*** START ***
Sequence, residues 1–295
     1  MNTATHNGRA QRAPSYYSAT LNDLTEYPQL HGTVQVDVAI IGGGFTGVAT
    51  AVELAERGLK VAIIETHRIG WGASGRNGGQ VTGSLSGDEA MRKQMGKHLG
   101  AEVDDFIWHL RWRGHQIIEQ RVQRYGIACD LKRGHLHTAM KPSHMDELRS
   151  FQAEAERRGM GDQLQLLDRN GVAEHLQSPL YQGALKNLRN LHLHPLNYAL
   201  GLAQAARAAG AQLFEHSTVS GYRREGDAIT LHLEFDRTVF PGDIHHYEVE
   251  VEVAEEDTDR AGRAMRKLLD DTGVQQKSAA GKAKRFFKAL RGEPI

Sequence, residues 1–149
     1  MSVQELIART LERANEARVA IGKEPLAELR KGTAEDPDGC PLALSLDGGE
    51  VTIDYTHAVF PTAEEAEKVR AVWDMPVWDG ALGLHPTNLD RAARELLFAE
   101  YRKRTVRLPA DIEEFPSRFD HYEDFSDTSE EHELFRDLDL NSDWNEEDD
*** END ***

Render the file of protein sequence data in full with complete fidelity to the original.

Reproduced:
Sequence, residues 1–295
     1  MNTATHNGRA QRAPSYYSAT LNDLTEYPQL HGTVQVDVAI IGGGFTGVAT
    51  AVELAERGLK VAIIETHRIG WGASGRNGGQ VTGSLSGDEA MRKQMGKHLG
   101  AEVDDFIWHL RWRGHQIIEQ RVQRYGIACD LKRGHLHTAM KPSHMDELRS
   151  FQAEAERRGM GDQLQLLDRN GVAEHLQSPL YQGALKNLRN LHLHPLNYAL
   201  GLAQAARAAG AQLFEHSTVS GYRREGDAIT LHLEFDRTVF PGDIHHYEVE
   251  VEVAEEDTDR AGRAMRKLLD DTGVQQKSAA GKAKRFFKAL RGEPI

Sequence, residues 1–149
     1  MSVQELIART LERANEARVA IGKEPLAELR KGTAEDPDGC PLALSLDGGE
    51  VTIDYTHAVF PTAEEAEKVR AVWDMPVWDG ALGLHPTNLD RAARELLFAE
   101  YRKRTVRLPA DIEEFPSRFD HYEDFSDTSE EHELFRDLDL NSDWNEEDD